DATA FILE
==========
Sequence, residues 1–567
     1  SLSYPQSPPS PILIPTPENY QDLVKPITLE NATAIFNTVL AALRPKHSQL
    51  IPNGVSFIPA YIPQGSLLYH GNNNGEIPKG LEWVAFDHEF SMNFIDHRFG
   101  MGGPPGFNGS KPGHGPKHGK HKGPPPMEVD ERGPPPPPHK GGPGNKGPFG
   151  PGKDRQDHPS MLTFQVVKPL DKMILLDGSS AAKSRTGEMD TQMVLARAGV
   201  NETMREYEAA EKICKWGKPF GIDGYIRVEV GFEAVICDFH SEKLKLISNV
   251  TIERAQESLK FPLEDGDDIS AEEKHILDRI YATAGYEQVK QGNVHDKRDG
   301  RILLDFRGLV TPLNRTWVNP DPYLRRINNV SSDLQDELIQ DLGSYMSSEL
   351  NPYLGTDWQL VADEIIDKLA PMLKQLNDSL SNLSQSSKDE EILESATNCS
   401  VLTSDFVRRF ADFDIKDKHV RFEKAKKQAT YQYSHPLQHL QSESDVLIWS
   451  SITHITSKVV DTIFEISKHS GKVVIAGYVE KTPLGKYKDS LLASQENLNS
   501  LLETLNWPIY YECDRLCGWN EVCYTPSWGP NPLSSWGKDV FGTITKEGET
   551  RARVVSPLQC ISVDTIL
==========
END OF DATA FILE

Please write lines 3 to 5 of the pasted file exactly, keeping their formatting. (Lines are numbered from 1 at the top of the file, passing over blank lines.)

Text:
    51  IPNGVSFIPA YIPQGSLLYH GNNNGEIPKG LEWVAFDHEF SMNFIDHRFG
   101  MGGPPGFNGS KPGHGPKHGK HKGPPPMEVD ERGPPPPPHK GGPGNKGPFG
   151  PGKDRQDHPS MLTFQVVKPL DKMILLDGSS AAKSRTGEMD TQMVLARAGV